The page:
Mark Simpson on the capital offence of failing to indicate
‘That’s alright. Don’t bother indicating. I can read your imbecilic mind!!’
I often find myself coming over all Victor Meldrew when confronted with the worst offence in the entire motoring universe. Failing to indicate.
Well, OK, it might not be the worst, but it’s certainly one of the most annoying.
Yes, I know. Not bothering to indicate does save you the Herculean effort of moving your hand an inch or two every now and again. And it makes it much easier for you to cut someone up. Also, what’s the point of going to all that trouble of indicating if it just means that you then have to turn the ruddy thing off almost straight away?
Failing to signal is not just lazy and rude. It’s dangerous. The US Society of Automotive Engineers estimates that US drivers fail to indicate an impressive two billion ‘FU’ times a day, and that this causes up to two million crashes a year – twice the number of accidents caused by ‘distracted driving’, e.g. using a phone.
Regardless of the risk, the failure to communicate your intentions to other road users makes life more difficult for everyone. On the motorway, the habit of so many drivers for changing lanes without indicating, or worse, indicating after changing lanes (‘See! I DID indicate!’) – or not bothering to let you know they’re about to exit as they mysteriously decelerate – makes long journeys seem a lot longer.
And also, perhaps, lonelier. Indicators are most of the time the only way of communicating with other drivers.
Perhaps it’s because I drive a small car, but there seems to be a direct correlation between the size of a vehicle and the drivers’ propensity to signaphobia. The bigger the car the bigger the damn they don’t give.
Then there’s the endless fun to be had at a junction when someone likes to keep you guessing which way they intend to turn. Or even better, they give no ‘indication’ that they are going to turn at all. Which is one of the reasons why failing to indicate is something that affects pedestrians – and their toes – as well as other road users.
And then we have the Brownian motion of today’s roundabouts. So apparently loathe are drivers to communicate their intentions that just closing your eyes and holding your breath and going ‘WHEEEE!!!’ seems to be the most popular approach.
In fact, the only time you can be absolutely sure that someone will use their indicators is when they want you to let them into a queue of traffic. It’s not an indicator, it’s more like a begging tin. Sometimes followed by the brief use of hazard warning lights to communicate ‘Cheers Guv!’.
The good old Highway Code tells us that ‘signals warn and inform other road users, including pedestrians, of your intended actions’. For signaphobes of course it is other road users and pedestrians’ responsibility to guess their intentions.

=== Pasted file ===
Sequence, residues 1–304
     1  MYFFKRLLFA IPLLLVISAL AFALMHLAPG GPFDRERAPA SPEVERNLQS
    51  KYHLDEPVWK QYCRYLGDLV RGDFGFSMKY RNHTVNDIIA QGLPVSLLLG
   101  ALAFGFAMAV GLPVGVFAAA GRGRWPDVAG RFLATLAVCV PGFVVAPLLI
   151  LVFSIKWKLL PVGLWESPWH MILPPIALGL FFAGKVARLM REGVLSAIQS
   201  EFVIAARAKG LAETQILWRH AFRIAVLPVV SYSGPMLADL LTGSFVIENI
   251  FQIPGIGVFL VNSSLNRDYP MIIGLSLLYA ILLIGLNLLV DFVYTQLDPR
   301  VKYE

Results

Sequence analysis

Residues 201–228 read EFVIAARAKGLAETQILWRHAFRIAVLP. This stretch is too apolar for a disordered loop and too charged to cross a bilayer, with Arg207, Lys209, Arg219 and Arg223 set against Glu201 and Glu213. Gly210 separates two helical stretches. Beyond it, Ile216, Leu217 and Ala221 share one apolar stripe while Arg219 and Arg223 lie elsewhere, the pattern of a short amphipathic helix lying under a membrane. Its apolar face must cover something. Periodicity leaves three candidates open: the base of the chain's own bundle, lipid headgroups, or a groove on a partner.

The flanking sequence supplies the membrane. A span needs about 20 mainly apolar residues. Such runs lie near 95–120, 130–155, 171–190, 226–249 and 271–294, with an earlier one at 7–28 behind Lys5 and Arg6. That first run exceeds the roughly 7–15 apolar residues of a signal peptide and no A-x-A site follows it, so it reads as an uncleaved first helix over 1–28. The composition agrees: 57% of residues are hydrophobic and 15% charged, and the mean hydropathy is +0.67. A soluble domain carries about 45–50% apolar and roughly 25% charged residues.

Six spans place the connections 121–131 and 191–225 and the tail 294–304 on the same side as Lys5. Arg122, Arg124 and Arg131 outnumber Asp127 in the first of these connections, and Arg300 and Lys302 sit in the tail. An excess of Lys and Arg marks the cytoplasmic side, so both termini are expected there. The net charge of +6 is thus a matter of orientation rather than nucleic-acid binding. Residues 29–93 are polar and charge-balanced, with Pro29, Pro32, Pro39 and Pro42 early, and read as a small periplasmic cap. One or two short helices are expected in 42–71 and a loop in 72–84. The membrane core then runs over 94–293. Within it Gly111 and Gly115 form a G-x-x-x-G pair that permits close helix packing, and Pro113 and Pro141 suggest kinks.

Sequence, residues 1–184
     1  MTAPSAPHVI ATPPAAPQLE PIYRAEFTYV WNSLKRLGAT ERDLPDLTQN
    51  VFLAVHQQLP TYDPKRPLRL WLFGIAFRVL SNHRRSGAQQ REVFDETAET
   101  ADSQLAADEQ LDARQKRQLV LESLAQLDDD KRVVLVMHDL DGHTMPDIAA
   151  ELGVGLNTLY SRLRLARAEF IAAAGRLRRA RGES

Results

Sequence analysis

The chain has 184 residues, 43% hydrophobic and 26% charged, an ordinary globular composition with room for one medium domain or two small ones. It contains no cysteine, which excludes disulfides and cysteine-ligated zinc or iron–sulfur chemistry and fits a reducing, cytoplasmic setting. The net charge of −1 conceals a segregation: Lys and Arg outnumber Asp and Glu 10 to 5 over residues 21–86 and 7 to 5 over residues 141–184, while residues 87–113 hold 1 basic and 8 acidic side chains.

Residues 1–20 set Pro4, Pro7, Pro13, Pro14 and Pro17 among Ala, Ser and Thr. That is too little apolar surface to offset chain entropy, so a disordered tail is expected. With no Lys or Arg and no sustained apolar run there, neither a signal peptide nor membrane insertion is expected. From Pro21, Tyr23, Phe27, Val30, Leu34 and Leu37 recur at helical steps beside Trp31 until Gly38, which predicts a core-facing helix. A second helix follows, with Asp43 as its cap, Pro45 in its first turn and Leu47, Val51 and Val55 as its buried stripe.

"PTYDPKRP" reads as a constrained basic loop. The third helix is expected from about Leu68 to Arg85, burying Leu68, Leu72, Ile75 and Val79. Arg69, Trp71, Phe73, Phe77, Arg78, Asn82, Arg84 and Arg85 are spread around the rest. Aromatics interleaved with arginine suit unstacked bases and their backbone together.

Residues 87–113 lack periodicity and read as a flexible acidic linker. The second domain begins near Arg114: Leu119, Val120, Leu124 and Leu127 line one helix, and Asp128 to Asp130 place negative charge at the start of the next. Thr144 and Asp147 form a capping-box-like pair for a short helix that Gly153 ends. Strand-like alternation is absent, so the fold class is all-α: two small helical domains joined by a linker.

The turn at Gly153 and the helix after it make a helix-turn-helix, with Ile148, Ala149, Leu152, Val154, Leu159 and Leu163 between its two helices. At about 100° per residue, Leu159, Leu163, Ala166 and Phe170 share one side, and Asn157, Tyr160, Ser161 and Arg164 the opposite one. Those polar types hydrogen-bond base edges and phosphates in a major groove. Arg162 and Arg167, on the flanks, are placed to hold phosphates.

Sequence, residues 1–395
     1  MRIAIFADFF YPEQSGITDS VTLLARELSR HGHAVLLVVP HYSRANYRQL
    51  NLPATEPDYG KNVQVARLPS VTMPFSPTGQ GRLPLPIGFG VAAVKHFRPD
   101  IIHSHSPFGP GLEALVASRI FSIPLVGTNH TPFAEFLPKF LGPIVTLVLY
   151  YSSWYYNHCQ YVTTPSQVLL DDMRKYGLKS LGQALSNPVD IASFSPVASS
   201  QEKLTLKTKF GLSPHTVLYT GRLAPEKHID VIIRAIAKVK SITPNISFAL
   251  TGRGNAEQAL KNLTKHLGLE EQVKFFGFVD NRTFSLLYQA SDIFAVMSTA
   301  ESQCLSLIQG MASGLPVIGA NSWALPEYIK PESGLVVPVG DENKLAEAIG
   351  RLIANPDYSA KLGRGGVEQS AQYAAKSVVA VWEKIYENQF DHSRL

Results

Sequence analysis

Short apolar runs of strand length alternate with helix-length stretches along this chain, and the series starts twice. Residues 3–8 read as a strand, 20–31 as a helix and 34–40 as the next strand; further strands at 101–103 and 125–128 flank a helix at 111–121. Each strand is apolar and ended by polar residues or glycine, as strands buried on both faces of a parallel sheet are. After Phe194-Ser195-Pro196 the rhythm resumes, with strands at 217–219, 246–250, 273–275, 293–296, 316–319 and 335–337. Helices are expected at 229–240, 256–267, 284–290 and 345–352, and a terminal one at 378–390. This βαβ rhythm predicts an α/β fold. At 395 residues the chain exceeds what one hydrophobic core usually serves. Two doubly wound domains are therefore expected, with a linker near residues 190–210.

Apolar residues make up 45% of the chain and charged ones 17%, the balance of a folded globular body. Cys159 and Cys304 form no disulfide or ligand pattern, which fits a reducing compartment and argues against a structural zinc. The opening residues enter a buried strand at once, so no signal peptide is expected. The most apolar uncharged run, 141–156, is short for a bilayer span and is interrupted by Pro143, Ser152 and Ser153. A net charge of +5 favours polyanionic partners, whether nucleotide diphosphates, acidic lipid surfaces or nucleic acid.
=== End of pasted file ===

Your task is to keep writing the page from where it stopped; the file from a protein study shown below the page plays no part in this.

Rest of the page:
It goes on:
‘Give clear signals in plenty of time, having checked it is not misleading to signal at that time’
‘Use them to advise other road users before changing course or direction, stopping or moving off.’
‘Cancel them after use.’
The number of people who don’t use their indicators seems to be almost matched by the number who leave them on after a rare occasion they did use them – probably when they wanted someone to let them into a queue of traffic a week previously.
Such is my detestation of failing to indicate that I do it when there are no other road users or pedestrians around. Partly because it’s possible that I have missed them, even when driving across, say, the Australian outback. But mostly because I know how easy it is to get in a bad habit – and how difficult it is to cancel one when started.
Frankly, at my stage of life it’s also a useful reminder to me that I intended to turn off at the next junction.
So imagine my horror when I realised in researching this article that I have regularly been failing to indicate properly at roundabouts. For years. Probably decades.
I was aware that if you wanted to take the first exit to the left you indicated left on your approach. I was also aware that if you wanted to exit to the right, or going full circle you needed to indicate right – and then left after you have passed the exit before the one you want. And was of course scrupulous in my observance.
But – the shame! – I didn’t realise that if you were going ‘straight over’ a roundabout (that is, the second exit) or taking any other ‘intermediate exit’ you needed to indicate left after you have passed the exit before the one you want.
I’m mortified by this discovery. By rights I should drag myself out of my own car and shoot myself by the roadside.
But then again, I’m sure other road users and pedestrians were able to read my mind….